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If you live long enough, chances are you'll be hurt by someone you counted on to be your friend. If you're like me, you may let that hurt fester and grow until it stifles your joy. When that happens, you have entered the first stage of forgiving.
I'm talking about the kind of hurts that smart and rankle within us, the kind we cannot digest as if they were only so much fiber in our interpersonal diet. Our wounds may look superficial to others, but we know better; after all, we're the ones who feel them.
I'd like to tell you a little story about a hurt I felt once, to illustrate how something that may look insignificant to outsiders can push you into the crisis of forgiveness.
It's important, to begin with, to say that I come from a long line of village blacksmiths. In fact, our family name, Smedes, is an old Dutch word for smith. From the time people first took on surnames, every male child in our family grew up to earn his living pounding on an anvil, and it was a source of family pride to be a smith worthy of the vocation.
Now on to the story. I graduated, without distinction, from Muskegon Senior High School one June Friday night. The next day I rode a Greyhound bus to Detroit, where I began work in the yards of the Smedes Iron Works, a family-run shop that my Uncle Klass built up out of a smithy he operated in a garage in his early immigrant days. Because I had neither money nor promising credentials for higher education, I was glad to accept Uncle Klass's offer to get my start in the steel business.
I was put to work out in the yard, rolling steel beams into neat stacks, cutting them withan acetylene torch into the sizes that building contractors ordered and painting them with a blend of gasoline and pitch to keep them from rusting too fast. I never did get to use the forge at which ornate forms were pounded and twisted out of red hot steel bars, the only genuine smithing still done at Smedes Iron Works.
To be honest, I was a sorry excuse for either a smith or a steelworker. I was too tall, too thin, too dreamy for any of the jobs that called for the blend of strength and talent it took to work with steel. No luster was added to the name of Smedes during my stint at the Iron Works.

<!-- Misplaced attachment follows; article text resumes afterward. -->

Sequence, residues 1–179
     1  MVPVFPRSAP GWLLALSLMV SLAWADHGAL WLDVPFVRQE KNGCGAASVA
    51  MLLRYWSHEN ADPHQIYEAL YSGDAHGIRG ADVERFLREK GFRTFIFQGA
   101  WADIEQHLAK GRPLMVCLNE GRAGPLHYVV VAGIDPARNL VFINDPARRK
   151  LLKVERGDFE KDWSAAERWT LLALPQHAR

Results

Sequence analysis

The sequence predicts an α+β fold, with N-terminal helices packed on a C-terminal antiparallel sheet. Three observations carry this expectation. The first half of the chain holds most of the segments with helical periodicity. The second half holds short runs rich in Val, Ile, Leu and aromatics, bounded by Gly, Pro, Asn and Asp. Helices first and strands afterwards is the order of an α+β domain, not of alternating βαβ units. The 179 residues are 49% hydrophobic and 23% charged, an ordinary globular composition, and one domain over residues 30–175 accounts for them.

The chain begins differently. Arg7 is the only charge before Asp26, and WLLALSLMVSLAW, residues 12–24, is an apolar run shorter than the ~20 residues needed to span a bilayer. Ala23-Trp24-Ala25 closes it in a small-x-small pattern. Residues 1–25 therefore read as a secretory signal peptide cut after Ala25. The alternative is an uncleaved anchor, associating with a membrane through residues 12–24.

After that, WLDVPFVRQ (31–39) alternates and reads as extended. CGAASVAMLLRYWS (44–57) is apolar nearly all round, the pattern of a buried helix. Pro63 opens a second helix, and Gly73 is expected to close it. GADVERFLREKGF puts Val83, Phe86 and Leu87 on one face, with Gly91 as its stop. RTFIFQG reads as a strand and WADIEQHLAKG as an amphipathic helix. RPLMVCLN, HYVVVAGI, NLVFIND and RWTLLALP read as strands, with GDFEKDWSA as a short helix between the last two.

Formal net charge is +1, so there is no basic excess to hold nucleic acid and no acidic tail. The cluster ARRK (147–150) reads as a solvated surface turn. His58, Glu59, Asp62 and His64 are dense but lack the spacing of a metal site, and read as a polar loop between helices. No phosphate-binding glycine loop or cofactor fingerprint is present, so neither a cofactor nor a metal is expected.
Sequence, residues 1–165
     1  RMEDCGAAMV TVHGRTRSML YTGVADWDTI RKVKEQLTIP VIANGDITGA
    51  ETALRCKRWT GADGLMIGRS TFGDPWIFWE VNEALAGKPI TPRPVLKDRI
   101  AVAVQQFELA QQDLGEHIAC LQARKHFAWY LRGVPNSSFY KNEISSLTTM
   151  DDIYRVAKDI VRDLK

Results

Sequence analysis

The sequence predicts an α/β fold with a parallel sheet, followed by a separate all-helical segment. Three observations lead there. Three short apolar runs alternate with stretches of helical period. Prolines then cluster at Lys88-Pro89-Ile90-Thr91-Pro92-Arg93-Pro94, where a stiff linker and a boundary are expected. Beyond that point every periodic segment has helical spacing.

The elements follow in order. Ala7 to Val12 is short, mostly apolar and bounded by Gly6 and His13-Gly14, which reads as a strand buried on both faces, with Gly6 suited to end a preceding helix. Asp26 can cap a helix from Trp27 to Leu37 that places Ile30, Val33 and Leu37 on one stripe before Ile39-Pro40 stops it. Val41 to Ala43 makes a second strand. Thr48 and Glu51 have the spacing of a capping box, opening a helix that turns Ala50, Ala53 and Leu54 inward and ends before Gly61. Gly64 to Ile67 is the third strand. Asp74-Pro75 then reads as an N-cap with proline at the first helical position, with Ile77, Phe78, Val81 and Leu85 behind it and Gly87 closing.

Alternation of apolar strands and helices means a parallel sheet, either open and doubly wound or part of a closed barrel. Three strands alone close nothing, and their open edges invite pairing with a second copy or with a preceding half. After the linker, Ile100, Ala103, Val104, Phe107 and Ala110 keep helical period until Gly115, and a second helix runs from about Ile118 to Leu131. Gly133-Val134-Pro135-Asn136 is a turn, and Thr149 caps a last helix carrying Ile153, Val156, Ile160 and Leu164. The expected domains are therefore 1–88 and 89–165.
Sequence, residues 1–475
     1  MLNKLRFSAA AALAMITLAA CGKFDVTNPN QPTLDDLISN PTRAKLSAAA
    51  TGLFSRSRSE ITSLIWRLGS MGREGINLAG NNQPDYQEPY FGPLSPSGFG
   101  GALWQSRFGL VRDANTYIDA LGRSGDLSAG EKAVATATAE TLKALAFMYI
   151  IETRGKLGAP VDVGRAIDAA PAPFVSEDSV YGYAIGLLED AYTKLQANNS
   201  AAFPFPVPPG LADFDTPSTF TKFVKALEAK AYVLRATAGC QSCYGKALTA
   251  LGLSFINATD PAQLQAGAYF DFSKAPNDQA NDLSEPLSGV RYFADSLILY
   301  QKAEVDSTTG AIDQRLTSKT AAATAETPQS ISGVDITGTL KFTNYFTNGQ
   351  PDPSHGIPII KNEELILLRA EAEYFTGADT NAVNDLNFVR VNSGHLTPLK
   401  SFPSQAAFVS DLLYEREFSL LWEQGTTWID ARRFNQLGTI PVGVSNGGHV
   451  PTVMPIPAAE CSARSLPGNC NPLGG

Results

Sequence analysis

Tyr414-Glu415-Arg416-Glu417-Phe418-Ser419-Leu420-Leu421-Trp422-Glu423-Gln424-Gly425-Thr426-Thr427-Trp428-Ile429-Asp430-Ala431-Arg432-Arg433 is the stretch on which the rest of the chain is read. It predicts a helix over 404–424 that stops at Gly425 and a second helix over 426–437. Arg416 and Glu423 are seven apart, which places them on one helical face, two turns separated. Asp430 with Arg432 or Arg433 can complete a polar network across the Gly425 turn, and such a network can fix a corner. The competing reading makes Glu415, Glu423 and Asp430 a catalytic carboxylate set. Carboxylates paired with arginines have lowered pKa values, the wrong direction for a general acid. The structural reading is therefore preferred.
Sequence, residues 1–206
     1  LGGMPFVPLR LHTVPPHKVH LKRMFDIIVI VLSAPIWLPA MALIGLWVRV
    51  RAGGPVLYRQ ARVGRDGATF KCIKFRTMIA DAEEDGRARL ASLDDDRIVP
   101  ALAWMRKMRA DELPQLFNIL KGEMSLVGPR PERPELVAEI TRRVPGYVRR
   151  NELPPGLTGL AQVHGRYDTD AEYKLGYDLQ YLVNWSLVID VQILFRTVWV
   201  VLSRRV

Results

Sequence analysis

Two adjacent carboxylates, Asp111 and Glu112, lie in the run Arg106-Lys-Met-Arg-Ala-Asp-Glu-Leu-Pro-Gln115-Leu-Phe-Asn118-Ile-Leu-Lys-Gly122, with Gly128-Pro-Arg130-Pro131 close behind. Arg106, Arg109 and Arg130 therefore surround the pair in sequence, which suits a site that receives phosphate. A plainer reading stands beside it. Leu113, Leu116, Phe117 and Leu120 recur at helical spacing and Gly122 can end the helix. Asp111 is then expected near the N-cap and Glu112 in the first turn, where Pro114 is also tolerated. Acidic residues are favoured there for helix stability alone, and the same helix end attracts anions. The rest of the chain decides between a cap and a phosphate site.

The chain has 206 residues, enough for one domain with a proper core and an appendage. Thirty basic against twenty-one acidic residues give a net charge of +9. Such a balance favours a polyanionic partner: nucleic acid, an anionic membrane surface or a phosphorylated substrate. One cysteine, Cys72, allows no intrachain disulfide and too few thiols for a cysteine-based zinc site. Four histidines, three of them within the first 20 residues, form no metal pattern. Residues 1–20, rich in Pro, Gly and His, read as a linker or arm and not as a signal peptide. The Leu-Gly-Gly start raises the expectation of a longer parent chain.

My cousin Hank was different; he was born to the forge. His wrists were powerful, his hands were obedient to his mind, and he could see an artful form of steel in his mind's eye before he even put his hands to the hammer.
Hank sometimes took me along to construction sites, where we would install a gate or a fancy railing that he had crafted at the shop. He taught me how to chisel square holes into a concrete floor and set the gateposts in, pouring molten lead into the space left over. He occasionally took me into his confidence, telling me delicious family secrets about Uncle Klass and dirty jokes such as I had never heard before.
Gradually, Hank made me feel as if I were truly his friend.
But he seemed to have a dual personality. One side of him was friendly and fun; the other side was devious and cruel.
When he and I were alone, he showed me his friendly side. I accepted that part of him; it was certainly the only part that I needed.
But whenever somebody else came along while we were working -- a building inspector, for instance-Hank showed me his mean side. He turned on me, and always within earshot of the man who was watching us.
"Hey, Lew, get your skinny butt, over here and do this job right for a change."
"This jackass they foisted on me as a helper doesn't know the difference between a hammer and a curling iron, but he's the boss's nephew so I have to put up with him."
"Lew, you ain't worth nothin' around here-you just better know that."
This is how Hank would talk to me, and about me, in front of the men we both wanted badly to impress as competent workmen.
He would set me up by getting me to believe that I was his friend; then he would humiliate me. I was a pushover, because at that time I needed a friend more than I needed anything else. So when Hank would show me his friendly side on our way home even, if he had made me feel like a fool that very day -- I would fall for it, only to catch his scorn again the next day.
I hated Hank a lot, I suppose, and for a good while, too. And why shouldn't I have hated him? It hurts to be taken in as a friend and then treated like a stray dog. I knew in my heart that, even though I had set myself up as a sucker for the hurt Hank gave me, I didn't have it coming.
My hurt brought me into the first stage of forgiving-the critical stage at which I had to make a simple decision: Did I want to be healed, or did I want to go on suffering from an unfair hurt lodged in my memory?
We are always, all of us, pushed into this crucial stage when we feel that somebody has hurt us deeply. Will we let our pain hang on to our hearts where it will eat away our joy? Or will we use the miracle of forgiving to heal the hurt we didn't deserve?
Of course, we suffer a lot of superficial pains that nobody really needs to be forgiven for-mere indignities that we simply have to bear with a measure of grace.
We need to sort out our hurts and learn the difference between those that call for the miracle of forgiveness and those that can be borne with a sense of humor. If we lump all our hurts together and prescribe forgiveness for all of them, we turn the art of forgiving into something cheap and commonplace. Like good wine, forgiving must be preserved for the right occasion...